I was leaving the studio (Yes again, I work a lot) when I saw on Twitter that an album entitled ‘To Pimp a Butterfly” had just leaked on iTunes and is available to purchase. I hurried home to make the purchase and I hit play on yet another life saving album. “Every n***a is a star,” played on repeat as the album faded in. Then I heard a voice that had been a familiar hero to my soul; Kendrick Lamar.

After nearly 2 years of not releasing any music, the west coast phenomenon Kendrick Lamar, dropped his album  ‘To Pimp a Butterfly’. Even though it dropped early, the album, much like 2014 Forest Hills Drive, made history.

Now, as a musician I will say that anyone can hear the countless risks that Kendrick took when creating this piece of art, producing different sounds and feels from music that we had never heard before. Even his rhyming style was a tad bit uncanny and inconsistent. With a solid mixture of broken verses, poetry, and a painful voice, we were wooed into an abyss where healing was taken place once again. It’s very rare that we get artists who have a clear agenda that involves something other than their personal profit; Kendrick Lamar was thinking about you when he wrote ‘To Pimp a Butterfly”.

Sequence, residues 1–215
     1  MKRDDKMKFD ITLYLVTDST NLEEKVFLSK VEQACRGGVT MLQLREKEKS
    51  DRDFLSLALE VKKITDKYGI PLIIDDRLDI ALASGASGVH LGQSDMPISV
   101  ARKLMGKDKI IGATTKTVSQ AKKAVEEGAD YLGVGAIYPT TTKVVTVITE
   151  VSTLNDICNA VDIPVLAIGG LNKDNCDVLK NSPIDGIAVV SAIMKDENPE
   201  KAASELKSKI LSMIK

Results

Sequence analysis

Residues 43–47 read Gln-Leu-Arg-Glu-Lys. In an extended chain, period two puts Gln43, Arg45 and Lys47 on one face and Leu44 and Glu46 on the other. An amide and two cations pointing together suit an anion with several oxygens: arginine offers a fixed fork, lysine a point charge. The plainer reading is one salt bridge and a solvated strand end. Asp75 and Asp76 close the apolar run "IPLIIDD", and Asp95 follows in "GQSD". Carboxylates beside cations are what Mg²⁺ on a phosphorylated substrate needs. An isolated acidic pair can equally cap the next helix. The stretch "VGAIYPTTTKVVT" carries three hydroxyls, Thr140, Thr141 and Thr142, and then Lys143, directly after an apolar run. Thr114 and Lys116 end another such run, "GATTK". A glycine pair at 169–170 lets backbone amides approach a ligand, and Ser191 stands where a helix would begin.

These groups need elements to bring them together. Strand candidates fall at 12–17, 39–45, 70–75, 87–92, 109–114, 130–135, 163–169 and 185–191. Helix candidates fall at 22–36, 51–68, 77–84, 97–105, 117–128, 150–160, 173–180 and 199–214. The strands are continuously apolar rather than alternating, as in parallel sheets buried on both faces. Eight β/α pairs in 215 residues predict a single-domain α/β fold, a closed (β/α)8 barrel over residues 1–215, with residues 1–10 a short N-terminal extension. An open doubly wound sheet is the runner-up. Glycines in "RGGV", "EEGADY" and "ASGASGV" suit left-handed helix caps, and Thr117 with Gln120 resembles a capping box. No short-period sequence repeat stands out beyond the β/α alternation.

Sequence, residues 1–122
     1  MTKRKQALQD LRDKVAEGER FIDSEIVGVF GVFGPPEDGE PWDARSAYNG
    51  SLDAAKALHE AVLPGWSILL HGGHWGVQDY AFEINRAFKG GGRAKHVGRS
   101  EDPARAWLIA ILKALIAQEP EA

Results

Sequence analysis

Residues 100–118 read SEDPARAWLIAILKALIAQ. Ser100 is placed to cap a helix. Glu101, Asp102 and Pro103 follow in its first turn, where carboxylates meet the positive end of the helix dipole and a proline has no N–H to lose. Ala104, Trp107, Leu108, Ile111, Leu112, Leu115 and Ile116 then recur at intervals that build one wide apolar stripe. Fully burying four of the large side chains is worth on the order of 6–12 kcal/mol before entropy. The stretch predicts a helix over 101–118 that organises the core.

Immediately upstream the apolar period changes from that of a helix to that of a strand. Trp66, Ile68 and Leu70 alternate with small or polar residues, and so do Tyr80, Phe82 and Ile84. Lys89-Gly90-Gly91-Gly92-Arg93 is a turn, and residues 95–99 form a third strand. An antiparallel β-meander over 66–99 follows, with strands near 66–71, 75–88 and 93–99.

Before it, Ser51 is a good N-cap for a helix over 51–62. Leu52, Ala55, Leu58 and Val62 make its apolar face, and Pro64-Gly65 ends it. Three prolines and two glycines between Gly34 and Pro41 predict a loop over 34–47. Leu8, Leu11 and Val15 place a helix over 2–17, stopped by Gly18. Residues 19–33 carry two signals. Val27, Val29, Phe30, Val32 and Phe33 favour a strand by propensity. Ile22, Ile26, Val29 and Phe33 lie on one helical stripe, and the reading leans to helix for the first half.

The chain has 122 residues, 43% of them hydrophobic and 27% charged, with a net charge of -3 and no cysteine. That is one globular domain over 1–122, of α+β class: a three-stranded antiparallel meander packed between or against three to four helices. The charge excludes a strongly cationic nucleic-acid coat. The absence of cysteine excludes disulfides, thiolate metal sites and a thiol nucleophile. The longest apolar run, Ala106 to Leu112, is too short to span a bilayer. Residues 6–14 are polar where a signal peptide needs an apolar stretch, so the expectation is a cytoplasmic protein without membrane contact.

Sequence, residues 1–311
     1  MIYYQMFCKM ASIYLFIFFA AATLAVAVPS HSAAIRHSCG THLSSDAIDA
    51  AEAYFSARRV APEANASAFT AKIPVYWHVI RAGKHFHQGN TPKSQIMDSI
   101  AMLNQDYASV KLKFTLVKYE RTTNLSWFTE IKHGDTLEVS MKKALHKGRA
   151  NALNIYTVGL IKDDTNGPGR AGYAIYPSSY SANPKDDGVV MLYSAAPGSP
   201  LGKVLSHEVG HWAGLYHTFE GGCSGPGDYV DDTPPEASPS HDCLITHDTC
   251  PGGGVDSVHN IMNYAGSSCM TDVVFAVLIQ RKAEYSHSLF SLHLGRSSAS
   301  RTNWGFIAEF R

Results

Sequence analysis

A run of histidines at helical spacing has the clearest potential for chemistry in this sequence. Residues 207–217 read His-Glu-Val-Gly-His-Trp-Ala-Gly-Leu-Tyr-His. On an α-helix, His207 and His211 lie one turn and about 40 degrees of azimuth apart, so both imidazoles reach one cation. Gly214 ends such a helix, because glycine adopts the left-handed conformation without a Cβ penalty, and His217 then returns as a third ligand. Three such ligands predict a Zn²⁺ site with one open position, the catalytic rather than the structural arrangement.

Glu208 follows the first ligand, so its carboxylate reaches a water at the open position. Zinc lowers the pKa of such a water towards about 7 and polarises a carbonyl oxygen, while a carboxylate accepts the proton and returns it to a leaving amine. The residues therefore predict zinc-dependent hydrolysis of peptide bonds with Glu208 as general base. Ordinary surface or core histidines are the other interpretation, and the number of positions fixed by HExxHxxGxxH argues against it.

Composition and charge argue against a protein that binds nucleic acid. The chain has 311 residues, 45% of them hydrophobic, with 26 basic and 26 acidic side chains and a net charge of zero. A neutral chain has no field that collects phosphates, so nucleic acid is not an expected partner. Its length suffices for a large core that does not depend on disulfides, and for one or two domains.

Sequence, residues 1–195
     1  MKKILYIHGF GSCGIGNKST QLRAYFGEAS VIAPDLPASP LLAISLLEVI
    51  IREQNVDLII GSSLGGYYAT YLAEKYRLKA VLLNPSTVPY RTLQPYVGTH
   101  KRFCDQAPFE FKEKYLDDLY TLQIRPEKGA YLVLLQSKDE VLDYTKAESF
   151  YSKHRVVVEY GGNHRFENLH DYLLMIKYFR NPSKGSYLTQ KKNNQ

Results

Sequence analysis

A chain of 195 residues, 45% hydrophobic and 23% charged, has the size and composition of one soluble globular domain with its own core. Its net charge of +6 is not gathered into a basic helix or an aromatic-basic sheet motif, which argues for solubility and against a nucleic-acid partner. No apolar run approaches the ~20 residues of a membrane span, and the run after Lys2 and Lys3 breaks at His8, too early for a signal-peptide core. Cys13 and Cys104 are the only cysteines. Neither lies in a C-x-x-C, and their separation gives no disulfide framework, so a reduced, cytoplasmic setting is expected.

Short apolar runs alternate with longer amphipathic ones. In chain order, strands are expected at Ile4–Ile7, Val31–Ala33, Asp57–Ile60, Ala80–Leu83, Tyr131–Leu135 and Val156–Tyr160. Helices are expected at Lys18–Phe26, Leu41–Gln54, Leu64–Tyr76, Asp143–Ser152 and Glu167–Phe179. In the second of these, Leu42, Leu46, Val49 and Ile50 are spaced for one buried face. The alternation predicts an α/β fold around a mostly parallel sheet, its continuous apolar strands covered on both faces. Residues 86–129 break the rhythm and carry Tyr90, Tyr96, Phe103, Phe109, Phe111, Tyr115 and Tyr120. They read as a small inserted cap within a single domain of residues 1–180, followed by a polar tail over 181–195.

There I was, sitting in my little studio apartment on Elm Street in Downtown Buffalo, blasting Kendrick’s new album as if it were the gospel itself. The album was a quick moving album that neglected the idea of a smooth fade transition in and out of records and adopted the ideas of using the ‘theater of the mind’ to take you on a nostalgic journey to find peace.

I would say that if J. Cole’s album was for the soul, Kendrick’s album was for the spirit.

I was a conflicted individual and In this time period of my life, a lot of these mental battles were results of a spiritual warfare going on inside of me as I battled with my own morals while dealing with other’s (Or the lack thereof). Lamar mentioned a character on his album who I resonated with to the deepest degree, ‘Lucy’. He mentions the ‘Evils of Lucy’ and how those evils were attacking his soul as he embarked on a journey to find the answers to life. Those same evils haunted me but just as Kendrick went looking for answers, so did I; Through ‘To Pimp a Butterfly”. We’ll talk about those answers momentarily.

Much like Cole’s album, Kendrick attempts to replenish your mental strength and self-love, reminding you that not only is everything going to be ‘ok’ but also that you are royalty and should carry yourself as such. One of the obvious records in that regard is “I” but even if you listen to the lyrics on just about every record, he is encouraging us to unleash the inner strength that most of us don’t even know we possess.